Certain premium estates in Bordeaux and Napa are beginning to look a little more like army bases—or an Amazon.com warehouse. They’re using drones, optical scanners, and heat-sensing satellites to keep a digital eye on things. Some airborne drones collect data that helps winemakers decide on the optimal time to harvest and evaluate where they can use less fertilizer. Others rove through the vineyard rows, where they may soon be able to take over pruning. Of course, these are major investments. 

2. Modern vineyards also bury a lot of cow skulls. 

They’re not everywhere, but biodynamic farming techniques are on the rise among vintners who don’t want to rely on chemicals, and this is one trick they’ve been known to use to combat plant diseases and improve soil PH. It’s called Preparation No. 505, and it involves taking a cow’s skull (or a sheep’s or a goat’s), stuffing it with finely ground oak chips, and burying it in a wet spot for a season or two before adding it to the vineyard compost.

3. Ferocious foliage is a vintner's secret weapon.

The mustard flowers blooming between vineyard rows aren’t just for romance. Glucosinolates in plants like radishes and mustard give them their spicy bite, and through the wonders of organic chemistry, those glucosinolates also double as powerful pesticides. Winemakers use them to combat nematodes—tiny worms that can destroy grape crops.

4. Roses in a vineyard are the wine country equivalent to the canary in the coal mine. 

Vintners plant roses among their vines because the flowers get sick before anything else in the field. If there’s mildew in the air, it will infect the roses first and give a winemaker a heads-up that it’s time to spray.

5. Birds of prey help protect the grapes.

Glasses of red wine and charcuterie
iStock/Natalia Van Doninck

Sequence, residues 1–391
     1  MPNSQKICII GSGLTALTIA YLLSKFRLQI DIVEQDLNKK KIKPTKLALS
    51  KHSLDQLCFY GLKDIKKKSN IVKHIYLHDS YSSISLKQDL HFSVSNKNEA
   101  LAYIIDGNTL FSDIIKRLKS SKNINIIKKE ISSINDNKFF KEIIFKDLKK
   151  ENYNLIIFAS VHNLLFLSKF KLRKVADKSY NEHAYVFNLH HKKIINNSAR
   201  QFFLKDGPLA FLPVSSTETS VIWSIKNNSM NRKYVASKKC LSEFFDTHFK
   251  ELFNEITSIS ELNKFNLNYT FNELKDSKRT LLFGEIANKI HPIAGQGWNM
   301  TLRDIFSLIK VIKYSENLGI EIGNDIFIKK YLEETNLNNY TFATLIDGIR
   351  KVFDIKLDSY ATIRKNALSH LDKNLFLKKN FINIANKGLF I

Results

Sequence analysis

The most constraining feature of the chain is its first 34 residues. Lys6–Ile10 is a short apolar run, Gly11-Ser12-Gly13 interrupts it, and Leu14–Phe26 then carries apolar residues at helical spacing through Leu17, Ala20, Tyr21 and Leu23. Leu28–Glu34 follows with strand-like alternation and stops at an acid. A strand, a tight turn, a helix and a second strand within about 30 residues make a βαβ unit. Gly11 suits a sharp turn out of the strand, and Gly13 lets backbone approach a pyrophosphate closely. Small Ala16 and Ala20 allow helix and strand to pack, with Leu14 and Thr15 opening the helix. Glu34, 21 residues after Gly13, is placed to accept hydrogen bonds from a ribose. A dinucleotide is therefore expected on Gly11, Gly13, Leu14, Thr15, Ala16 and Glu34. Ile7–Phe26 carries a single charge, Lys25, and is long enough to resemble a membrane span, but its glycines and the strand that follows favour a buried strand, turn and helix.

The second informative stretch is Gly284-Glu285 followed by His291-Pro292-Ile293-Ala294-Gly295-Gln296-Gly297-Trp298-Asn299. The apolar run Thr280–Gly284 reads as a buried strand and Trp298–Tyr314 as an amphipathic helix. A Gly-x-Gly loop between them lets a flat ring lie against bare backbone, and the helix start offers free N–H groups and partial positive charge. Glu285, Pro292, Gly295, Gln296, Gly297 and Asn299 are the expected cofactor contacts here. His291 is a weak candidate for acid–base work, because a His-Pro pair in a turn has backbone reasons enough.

Small birds like blackbirds and starlings can clear out 20 percent of a crop in no time. But you know what eats little birds? Big birds. Falconry programs are on the rise in vineyards from California to New Zealand. Researchers have found that raptors eat a bird or two a day (along with a proportion of field mice and other critters) and cost only about as much to maintain as your average house cat.

6. Small bugs become big problems in wine tasting rooms.

Winemakers are constantly seeking ways to manage the swarms of Drosophila melanogaster that routinely gather around the dump buckets in their swanky showrooms. You know these pests as fruit flies, and some vintners in California are exploring ways to use carnivorous plants to tackle the problem without pesticides. Butterworts, sundews, and pitcher plants all have sweet-sounding names, but the bug-eating predators are fruit fly assassins, and you’ll see them decorating tasting rooms across wine country.

7. Wine needs to be filtered. 

Winemaking produces hard-to-remove sediments. Filters can catch most of the debris, but winemakers must add “fining agents” to remove any suspended solids that sneak by. (Unwanted compounds in the wine bind with the fining agents so they can be filtered and removed.) Until it was banned in the 1990s, many European vintners used powdered ox blood to clean their wines. Today, they use diatomaceous earth (the fossilized remains of hard-shelled algae), Isinglass (a collagen made from fish swim bladders), and sometimes bentonite (volcanic clay). Irish moss and egg whites are also fine wine cleaners.

8. Wine is ever so slightly radioactive (that's a good thing).

About 5 percent of the premium wine sold for cellaring doesn’t contain what the label promises. So how do top-shelf buyers avoid plunking down serious cash on a bottle of something bunk? Most elite wine brokerages, auction houses, and collectors use atomic dating to detect fraud. By measuring trace radioactive carbon in the wine, most bottles can be dated to within a year or two of the vintage.

9. MRIs can determine the fine from the funk.

Even with atomic dating, there are certain perils involved in buying a $20,000 bottle of wine. Leaving a case in the hot trunk of your car is enough to ruin it, so imagine what can happen over a couple of decades if a wine isn’t kept in the proper conditions. Back in 2002, a chemistry professor at University of California at Davis patented a technique that uses MRI technology to diagnose the condition of vintage wines. This technique may soon be used at airport security, meaning you’ll be able to carry on your booze.

10. Wines can be aged instantly.

If you end up with a bottle of plonk, Chinese scientists have developed a handy solution. Zapping a young wine with electricity makes it taste like something you’ve cellar aged. Scientists aren’t quite sure how it happens yet, but it seems that running your wine for precisely three minutes through an electric field changes the esters, proteins, and aldehydes and can “age” a wine instantly.